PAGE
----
With record dry powder in the private equity industry and near-record purchase price multiples, investors are keeping close eye on fund managers' plans to deploy capital in 2017 – concerned that the discipline seen in 2016 may disappear.
“The biggest challenge for GPs in 2017 will be to find attractively-priced deals in today's environment with high geopolitical and economic uncertainty, high asset prices and low growth,” said Jan Radberg, head of private equity at Swedish pension fund AP1.
In 2016, limited partners such as the Florida State Board of Administration were surprised at how much self-control GPs exercised despite the pressure to put money to work in a strong fundraising environment.
“In general, GPs have shown discipline when making new investments, evidenced by lower-than-expected deal volume and increasing amounts of dry powder in the industry,” Ash Williams, chief investment officer at Florida SBA, told Private Equity International .
“GP behavior seems to indicate a belief that we are near the end of the current market cycle.”
That sentiment was echoed by other LPs, who admitted that the potential for lower private equity returns going forward is one of the main issues keeping them up at night.
For example, Neil Randall, senior director of private equity at Teacher Retirement System of Texas, said that one of the biggest challenges for 2017 will focus on “underwriting new investments and understanding that some kind of economic pullback is very likely in the first three year of a hold period”.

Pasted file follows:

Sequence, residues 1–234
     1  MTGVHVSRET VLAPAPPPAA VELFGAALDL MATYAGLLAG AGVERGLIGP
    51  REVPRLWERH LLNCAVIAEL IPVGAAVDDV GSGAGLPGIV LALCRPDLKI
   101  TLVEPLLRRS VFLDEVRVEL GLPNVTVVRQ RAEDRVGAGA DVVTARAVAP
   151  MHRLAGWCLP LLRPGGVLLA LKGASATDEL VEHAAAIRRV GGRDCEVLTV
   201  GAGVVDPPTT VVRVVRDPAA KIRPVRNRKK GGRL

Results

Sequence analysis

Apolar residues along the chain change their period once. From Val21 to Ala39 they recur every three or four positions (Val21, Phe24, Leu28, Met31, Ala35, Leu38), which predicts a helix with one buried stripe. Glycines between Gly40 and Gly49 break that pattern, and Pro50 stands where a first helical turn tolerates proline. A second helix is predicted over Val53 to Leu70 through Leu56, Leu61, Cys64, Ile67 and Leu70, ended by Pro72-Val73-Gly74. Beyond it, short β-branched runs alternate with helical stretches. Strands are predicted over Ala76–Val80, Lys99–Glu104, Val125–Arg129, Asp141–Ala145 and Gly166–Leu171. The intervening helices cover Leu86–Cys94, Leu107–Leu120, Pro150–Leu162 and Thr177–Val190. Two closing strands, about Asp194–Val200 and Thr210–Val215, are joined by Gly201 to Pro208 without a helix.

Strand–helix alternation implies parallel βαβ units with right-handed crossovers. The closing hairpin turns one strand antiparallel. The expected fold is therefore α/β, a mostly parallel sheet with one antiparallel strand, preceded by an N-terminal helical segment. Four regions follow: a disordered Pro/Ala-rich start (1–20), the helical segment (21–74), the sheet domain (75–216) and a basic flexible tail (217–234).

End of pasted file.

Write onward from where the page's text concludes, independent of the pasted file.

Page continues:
Williams also said that one of the biggest challenges for GPs in 2017 will be to maintain a good pace of investments. “Do GPs eventually succumb to the 'lower for longer' [low growth, low interest rates] train of thinking and begin to rationalise paying record purchase price multiples for new investments? Does this come at the exact wrong time?”
One constant in 2017 is the fact that the US will remain the market of choice for many LPs investing in private equity.
“From a private equity fund perspective, we continue to favour the US where the markets are deep and the ecosystem is supportive,” said Robert Coke, the head of absolute return and buyout investments at The Wellcome Trust. “We will be looking for sector specific managers there.”
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